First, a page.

A single housing association says nearly a fifth of its repair costs now relate to domestic violence – averaging around £1,200 per home.
Faced with such figures, Gentoo urges providers to play a “vital role” in helping survivors of abusive relationships and holding perpetrators to account.
Gentoo worked with national domestic violence charity SafeLives to demonstrate how initiatives such as making abuse a breach of tenancy can prove pro-active.
To Gentoo, the resulting research shows how such an approach can pay off in making perpetrators account for their actions: holding them responsible for the damage they cause to the victims and their property, and potentially even evicting them.
Currently, nearly a fifth of all repair costs experienced by Gentoo are related to domestic abuse, with the average cost of repairs at households with domestic abuse coming to £1,200 – compared to £860 as the average cost for all properties.
The research suggests providers can also play a role in raising awareness and understanding of the dynamics of abuse amongst staff and customers, allowing early identification of properties where abuse is present so safety measures can be put in place and staying at home remains a safe and realistic option.
Michelle Meldrum, Executive Director, Gentoo Operations said: “When the Government is leading a public consultation to transform the response to domestic abuse, it is vital we look at the role housing can play in supporting families much earlier.
“At Gentoo we are committed to influencing and challenging the housing sector’s response to domestic abuse.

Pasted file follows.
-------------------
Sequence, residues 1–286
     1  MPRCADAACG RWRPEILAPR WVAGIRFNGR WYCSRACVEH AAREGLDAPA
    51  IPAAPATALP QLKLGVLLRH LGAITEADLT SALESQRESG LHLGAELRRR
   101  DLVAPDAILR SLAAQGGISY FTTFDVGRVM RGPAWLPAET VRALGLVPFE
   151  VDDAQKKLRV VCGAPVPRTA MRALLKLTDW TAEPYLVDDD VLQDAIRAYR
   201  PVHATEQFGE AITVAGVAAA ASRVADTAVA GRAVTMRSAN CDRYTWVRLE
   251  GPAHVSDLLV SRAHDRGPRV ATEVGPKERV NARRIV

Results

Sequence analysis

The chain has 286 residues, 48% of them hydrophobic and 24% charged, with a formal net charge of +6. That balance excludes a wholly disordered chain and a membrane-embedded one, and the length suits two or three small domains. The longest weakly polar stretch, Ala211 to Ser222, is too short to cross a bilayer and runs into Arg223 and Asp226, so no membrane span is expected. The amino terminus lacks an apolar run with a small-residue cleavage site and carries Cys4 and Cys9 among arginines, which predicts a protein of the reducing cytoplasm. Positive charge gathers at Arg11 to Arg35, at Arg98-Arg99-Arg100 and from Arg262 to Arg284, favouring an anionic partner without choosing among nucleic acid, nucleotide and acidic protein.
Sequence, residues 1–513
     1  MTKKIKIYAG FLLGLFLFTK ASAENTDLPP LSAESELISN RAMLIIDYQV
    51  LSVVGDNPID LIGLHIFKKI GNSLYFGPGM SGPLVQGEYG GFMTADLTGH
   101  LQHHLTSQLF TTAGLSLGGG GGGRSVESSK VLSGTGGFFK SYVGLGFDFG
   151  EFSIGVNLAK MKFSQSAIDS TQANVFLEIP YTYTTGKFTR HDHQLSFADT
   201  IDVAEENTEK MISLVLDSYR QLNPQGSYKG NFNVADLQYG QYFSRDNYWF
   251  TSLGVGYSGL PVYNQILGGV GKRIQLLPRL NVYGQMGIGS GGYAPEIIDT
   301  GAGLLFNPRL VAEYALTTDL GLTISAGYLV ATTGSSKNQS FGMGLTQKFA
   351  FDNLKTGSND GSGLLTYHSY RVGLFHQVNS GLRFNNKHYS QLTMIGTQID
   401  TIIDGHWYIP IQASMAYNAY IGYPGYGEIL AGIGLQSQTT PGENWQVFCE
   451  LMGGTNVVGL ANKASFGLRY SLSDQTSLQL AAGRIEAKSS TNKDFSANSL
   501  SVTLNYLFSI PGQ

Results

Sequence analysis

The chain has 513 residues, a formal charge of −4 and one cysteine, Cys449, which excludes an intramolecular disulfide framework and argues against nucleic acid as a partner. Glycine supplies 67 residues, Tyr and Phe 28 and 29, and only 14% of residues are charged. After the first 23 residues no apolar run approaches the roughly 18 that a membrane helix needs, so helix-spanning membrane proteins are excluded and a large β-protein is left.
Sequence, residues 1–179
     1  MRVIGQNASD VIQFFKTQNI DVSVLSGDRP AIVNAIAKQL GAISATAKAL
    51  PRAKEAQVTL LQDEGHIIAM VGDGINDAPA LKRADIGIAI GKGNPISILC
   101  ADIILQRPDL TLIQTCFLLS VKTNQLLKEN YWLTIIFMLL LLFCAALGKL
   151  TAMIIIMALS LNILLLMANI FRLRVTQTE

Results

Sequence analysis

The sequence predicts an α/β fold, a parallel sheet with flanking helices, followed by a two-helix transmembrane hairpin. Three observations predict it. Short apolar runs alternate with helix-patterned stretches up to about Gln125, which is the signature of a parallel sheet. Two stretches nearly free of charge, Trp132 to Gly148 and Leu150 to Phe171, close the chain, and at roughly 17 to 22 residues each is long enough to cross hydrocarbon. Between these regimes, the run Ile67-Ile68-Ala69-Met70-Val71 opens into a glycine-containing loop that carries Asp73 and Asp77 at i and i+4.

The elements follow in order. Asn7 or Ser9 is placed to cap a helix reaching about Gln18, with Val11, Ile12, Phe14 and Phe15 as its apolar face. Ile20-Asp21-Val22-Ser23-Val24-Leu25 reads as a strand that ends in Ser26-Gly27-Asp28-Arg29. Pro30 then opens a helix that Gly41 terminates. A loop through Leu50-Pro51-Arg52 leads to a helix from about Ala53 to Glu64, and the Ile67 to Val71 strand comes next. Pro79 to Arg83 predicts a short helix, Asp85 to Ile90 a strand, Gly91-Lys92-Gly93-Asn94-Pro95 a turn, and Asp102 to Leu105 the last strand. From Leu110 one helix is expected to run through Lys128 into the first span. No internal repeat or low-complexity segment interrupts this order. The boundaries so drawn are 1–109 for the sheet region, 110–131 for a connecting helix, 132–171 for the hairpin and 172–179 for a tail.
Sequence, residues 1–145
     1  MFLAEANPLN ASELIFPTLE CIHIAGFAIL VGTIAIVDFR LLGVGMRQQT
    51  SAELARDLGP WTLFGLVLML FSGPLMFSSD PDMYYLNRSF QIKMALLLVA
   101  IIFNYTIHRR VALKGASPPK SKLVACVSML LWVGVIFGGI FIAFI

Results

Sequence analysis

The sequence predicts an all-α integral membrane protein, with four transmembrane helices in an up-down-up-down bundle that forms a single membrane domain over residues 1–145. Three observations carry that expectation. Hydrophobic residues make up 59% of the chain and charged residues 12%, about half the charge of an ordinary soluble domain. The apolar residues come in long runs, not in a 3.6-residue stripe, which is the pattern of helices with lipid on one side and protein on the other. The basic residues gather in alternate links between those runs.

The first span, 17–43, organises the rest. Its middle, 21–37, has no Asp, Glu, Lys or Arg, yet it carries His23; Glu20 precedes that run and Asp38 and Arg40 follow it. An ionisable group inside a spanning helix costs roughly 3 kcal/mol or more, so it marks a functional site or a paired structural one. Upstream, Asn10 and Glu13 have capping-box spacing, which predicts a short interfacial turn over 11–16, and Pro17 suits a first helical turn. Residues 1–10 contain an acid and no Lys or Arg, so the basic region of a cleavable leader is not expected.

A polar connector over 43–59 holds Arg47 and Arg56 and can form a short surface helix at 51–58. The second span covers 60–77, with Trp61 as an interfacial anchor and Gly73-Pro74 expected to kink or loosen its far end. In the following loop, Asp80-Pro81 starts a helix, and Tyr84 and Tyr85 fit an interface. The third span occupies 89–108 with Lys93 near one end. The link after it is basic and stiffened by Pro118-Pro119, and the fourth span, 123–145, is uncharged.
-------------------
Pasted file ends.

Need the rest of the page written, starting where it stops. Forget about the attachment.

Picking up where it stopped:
“We do this through sharing best practice and through the Domestic Abuse Housing Alliance, of which Gentoo are co-founders.
DAHA’s mission is to improve the sector’s response to domestic abuse.
Housing providers are in a unique position to be able to identify abuse and support victims”.
Gentoo has trained front-line teams to spot the signs of abuse and have number of victim support officers who offer specialist support.
The research work with SafeLives helped develop a strong business case for pitching to the wider sector.
SafeLives Chief Executive, Suzanne Jacob said the work strengthened a need to “flip the narrative” over domestic violence – focusing on the behaviour of the perpetrator and challenging them to change.
“A good housing response can make this happen.
“All too often we hear people asking “Why doesn’t she just leave?”
“In practice (this) means why she doesn’t just leave her home – uprooting her and her children, risking disruption to education and relationships with friends and family, a sense of normality.
“We often hear domestic abuse described as ‘hidden’ due to it largely being perpetrated at home.
“But housing providers are in a unique position to work with other agencies, including the police, to identify abuse and disrupt perpetrator behaviour as quickly as possible.
“Everyone deserves somewhere safe to call home – we must work together to ensure this is possible,” Jacobs said.